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Henry v. Lane

United States District Court, W.D. Pennsylvania

March 30, 2017

TERI R. HENRY and, VIRGIL G. HENRY for M.H., Plaintiffs,
v.
DR. LINDA LANE Superintendent of Pgh. Public Schools, ET AL., Defendants.

          MEMORANDUM OPINION ON MOTION TO DISMISS (DOC. 16)

          Arthur J. Schwab United States District Judge

         I. Introduction

         This is a civil rights action brought by Plaintiffs, Teri and Virgil Henry, as parents of M.H., against numerous Defendants in connection with what appears to be an appeal of a May 16, 2016 final order and decision of a special education hearing officer who is employed by the Pennsylvania Office for Dispute Resolution. However, in the extensive narrative of Plaintiffs' pro se complaint, they reference claims relating to M.H.'s current Individualized Education Program (IEP).

         Pending before this Court is a Motion to Dismiss brought pursuant to Fed. R. Civ. Pr. 12(b)(1), (4), (5) and (6), a Motion for More Definite Statement pursuant to Fed. R. Civ. P 12(e), and a Motion to Strike Minor from Caption and Case filed by Defendants Pittsburgh Public School District, Denise (unknown last name), Mary-Lou (unknown last name), Amy Berner, Tracy Brezicki, Paulette Colonna, Mary-Jane Conley, Sylbia Kunst, Cicily Kurian, Dr. Linda Lane, David May-Stein, Tom Spickler, Donna Westbrooks-Martin, Kimberly Zangrilli, and Aimee Zundel, collectively referred to as the “School District Defendants, ” (doc. 16). Plaintiffs response thereto was due on March 10, 2017, and as of this date, no response has been filed.[1]Although the Court could dismiss this case for failure to prosecute, the Court will instead consider the pending Motions on their merits.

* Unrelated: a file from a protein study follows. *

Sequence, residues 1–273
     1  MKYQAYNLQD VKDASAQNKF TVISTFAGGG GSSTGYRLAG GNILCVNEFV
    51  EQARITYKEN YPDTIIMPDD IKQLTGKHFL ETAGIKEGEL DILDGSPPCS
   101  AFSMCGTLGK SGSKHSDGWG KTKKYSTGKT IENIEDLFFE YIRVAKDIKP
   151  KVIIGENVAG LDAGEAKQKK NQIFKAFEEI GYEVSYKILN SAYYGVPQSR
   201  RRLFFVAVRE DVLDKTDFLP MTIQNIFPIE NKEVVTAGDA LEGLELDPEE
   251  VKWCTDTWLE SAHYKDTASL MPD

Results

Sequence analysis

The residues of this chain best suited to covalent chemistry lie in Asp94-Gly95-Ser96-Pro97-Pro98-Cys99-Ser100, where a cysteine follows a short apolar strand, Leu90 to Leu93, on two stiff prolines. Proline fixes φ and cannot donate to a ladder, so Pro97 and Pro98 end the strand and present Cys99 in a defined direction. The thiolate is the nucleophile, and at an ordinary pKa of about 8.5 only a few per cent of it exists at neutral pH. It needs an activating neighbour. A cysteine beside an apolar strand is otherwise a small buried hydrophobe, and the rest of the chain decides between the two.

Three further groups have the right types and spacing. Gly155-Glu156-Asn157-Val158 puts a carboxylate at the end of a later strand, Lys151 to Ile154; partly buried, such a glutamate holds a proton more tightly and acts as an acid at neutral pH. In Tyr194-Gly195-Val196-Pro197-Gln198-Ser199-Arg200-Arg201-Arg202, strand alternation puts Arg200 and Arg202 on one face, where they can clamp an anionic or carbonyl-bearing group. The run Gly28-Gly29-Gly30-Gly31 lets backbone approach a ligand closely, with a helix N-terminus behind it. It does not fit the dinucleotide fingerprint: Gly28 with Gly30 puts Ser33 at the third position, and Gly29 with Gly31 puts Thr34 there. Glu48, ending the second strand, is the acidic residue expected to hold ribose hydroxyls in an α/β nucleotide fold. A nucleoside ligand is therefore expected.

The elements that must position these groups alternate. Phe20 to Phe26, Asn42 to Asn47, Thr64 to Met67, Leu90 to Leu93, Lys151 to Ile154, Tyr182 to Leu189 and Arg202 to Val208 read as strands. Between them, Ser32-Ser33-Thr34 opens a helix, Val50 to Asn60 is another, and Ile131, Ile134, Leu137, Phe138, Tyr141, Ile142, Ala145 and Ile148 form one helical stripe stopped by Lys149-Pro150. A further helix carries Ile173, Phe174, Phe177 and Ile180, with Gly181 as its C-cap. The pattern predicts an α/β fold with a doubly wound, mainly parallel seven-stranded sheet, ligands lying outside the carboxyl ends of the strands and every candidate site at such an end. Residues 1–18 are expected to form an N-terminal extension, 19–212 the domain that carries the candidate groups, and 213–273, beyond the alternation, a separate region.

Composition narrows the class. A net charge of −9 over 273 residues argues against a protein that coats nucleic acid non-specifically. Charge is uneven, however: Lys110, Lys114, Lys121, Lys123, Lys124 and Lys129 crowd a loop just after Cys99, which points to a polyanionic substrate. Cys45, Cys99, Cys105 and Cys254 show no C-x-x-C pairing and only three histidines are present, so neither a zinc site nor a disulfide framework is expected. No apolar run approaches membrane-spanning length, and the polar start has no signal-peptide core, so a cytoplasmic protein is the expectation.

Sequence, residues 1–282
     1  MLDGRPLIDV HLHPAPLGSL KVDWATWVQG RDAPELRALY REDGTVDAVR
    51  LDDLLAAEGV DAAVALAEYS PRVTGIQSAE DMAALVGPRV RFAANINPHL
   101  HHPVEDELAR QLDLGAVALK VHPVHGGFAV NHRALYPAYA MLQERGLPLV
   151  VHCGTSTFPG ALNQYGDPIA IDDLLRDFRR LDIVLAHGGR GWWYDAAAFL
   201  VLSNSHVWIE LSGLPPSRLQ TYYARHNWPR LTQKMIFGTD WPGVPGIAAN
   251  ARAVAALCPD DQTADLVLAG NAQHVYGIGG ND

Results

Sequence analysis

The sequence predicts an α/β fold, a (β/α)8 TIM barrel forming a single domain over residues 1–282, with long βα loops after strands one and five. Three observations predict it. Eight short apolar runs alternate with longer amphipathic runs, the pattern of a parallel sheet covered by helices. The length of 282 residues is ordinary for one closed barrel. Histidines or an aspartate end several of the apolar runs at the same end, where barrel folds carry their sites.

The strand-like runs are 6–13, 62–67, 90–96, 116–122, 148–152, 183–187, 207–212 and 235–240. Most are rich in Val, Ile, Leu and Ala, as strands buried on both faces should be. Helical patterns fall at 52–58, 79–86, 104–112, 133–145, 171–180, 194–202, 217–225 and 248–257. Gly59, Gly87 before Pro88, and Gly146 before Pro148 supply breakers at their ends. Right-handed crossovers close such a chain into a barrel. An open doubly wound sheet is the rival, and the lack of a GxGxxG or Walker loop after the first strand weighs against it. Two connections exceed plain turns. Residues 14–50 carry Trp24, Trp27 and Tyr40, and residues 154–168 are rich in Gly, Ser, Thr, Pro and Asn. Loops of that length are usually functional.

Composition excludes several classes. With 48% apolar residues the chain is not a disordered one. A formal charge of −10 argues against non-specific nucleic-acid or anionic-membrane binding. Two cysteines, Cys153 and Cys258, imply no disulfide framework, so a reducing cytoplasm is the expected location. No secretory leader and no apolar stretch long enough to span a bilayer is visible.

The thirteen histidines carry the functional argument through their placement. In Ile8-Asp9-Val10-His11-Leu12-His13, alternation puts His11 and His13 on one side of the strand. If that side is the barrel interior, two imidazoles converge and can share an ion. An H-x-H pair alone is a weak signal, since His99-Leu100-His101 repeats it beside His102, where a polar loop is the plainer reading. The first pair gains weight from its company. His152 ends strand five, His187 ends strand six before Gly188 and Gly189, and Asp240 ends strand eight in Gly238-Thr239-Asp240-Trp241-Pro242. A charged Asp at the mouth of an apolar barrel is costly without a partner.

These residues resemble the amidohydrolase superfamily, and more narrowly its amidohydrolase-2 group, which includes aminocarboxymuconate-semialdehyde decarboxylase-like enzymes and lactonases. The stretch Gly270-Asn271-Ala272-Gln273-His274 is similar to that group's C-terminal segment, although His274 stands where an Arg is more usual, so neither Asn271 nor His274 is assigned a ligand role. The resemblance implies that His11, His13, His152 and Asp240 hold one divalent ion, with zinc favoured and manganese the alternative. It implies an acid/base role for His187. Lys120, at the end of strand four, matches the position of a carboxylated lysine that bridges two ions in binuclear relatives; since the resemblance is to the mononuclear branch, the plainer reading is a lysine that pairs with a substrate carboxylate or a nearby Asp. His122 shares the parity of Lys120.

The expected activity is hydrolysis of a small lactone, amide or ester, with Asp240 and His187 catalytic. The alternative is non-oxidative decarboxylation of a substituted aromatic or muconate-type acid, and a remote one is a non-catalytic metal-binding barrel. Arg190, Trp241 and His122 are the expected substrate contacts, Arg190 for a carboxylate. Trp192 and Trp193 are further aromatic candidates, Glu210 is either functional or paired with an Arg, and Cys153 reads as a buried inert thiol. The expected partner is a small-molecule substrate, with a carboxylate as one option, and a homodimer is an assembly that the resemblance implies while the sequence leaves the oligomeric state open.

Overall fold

II. Standards of Review

         A. Rule 12(b)(1)

         A Motion to Dismiss pursuant to Fed.R.Civ.P. 12(b)(1) challenges this Court's “very power to hear the case.” See Judkins v. HT Window Fashions Corp., 514 F.Supp.2d 753, 759 (W.D. Pa. 2007) (quoting Mortenson v. First Fed. Sav. & Loan Ass'n, 549 F.2d 884, 891 (3d Cir. 1977)). As the party asserting jurisdiction, Plaintiff “bears the burden of showing that its claims are properly before the district court.” Dev. Fin. Corp. v. Alpha Housing & Health Care, 54 F.3d 156, 158 (3d Cir. 1995). In reviewing a Motion to Dismiss pursuant to Rule 12(b)(1), this Court must distinguish between facial attacks and factual attacks. See Petruska v. Gannon Univ., 462 F.3d 294, 302 (3d Cir. 2006).